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unholy in the midst of the preached Gospel, while we ourselves have a house in which to worship, and the Gospel of God preached to us. We have indeed, in this respect, much need to ask for pardon from Him who has set such an example of bounty and forgiveness, as to give not merely what he had, but to give himself also, that he might redeem us from all iniquity, and purify unto him self a peculiar people zealous of good works.
THE MYSTERIES OF THE KINGI)OM.
THE TWO DEBTORS.
St. MATTHEW, xviii., v. 34 35.- “ And his Lord was wroth and delivered him to the' tormentors, till he should pay all that was due unto him. So likewise shall my Heavenly Father do also unto you if ye from your hearts forgive not every one his brother their trespasses."
It is part of the evidence of the truth of scripture revelation that it adapts itself to every part of our nature and that it meets all our circumstances. If it did not so it could not be from Him who professes to give that which is able to make us perfect, thoroughly furnished unto all good works.
On last Sunday, in considering this text, I took the view of God as our Creator and God as our Redeemer, and endeavoured to show how the dealings which flow from these two characters of God apparently contradict each other and cause many difficulties to those who read the bible. We have the same difficulties meeting us here with regard to the adaptation of God's dealings towards our nature. As immortal beings, desirous of eternal happiness, we cannot but wish for security. As moral beings, capable of acting upon motives, we cannot but
be appealed to as beings that have a volition, capable of making a choice. Now to leave us to our volition, to give us the power of choice, and yet to keep us secure is a task which only God could perform, as only God could have devised. That he should leave moral and responsible beings to their own choice, and yet secure the final and eternal blessedness of those beings, is I say, just that great problem which only God could have devised, and only God could have accomplished. Just as we regard God's dealings towards us in either of these lights do we get at part of the truth. Without combining these together we do not get the whole truth with regard to God's dealings. It is the want of seeing each part separately, and then of comparing the two, which causes so many perplexities and difficulties, so many theological discords amongst the believers in revelation. The Calvinist will take and search the scriptures and find in them the unchangeable counsels, and unchangeable love of God; he will point out to us promise after promise in which the salvation of God's elect is secure, He is right if we look upon God's dealings only in that one aspect as keeping his people secure. Yet while he will be right in his statements in their positive aspect, he will be very wrong in their negative aspect. In denying God's moral dealings with his people, he misapplies scripture and will be tempted to pervert all those passages which speak of Christ's dying for the whole world, of God's not being willing that any should perish, but that all should come to repentance; and all those things which appeal to man in his moral feelings, and speak to him of danger, and warn him of enemies, and throw his salvation apparently upon himself. The Arminian, upon the opposite ile, regarding man in his moral relations, considering that if man be fated to do something he cannot help doing it, that if that doctrine be true, in his eyes, man's responsibility is taken away as he is compelled to do it, he turns his mind to look upon those parts of scripture that speak to us of our own will, that leave to us a freedom of choice, that cast upon us a great amount of personal responsibility, and that seem to make our salvation depend upon ourselves. He will ask, does not the prophet say? "Make you a new heart, for, why will ye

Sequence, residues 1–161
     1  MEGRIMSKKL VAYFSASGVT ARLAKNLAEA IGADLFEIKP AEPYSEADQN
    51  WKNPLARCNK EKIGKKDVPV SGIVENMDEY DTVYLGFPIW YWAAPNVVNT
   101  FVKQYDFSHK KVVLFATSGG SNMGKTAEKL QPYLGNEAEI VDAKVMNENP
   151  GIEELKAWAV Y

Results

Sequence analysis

a die, O house of Israel ?" He will point out to us everlasting condemnation in scripture, where man is appealed to as a being called to do something if he will, and that makes his eternal loss his own awful choice,and he is right. The bible does speak to man in this way, and the providence of God speaks to each of us in this way, and we feel that we have a moral power to choose the good or choose the evil under the assistance of Divine Grace; but still we feel in ourselves a power of choice, in testimony of Scripture; indeed no reasoning of human sophistry can take out of our hearts the feeling we have that we do make a choice,—too often indeed a bad choice, choosing the evil instead of the good.
Now in order to get at the truth of scripture we must combine these two views together. We must see how God can reserve to himself his own sovereignty, his own power, his own unchangeable love, and act out his part concerning man, determined to accomplish his own pur poses; so that it is indeed the counsel of the Lord that shall stand, and the thoughts of his heart to all generations. And yet that same God can appeal to us, can ask us to turn our hearts to him; can meet us in the necessities of our moral nature, in the moral freedom of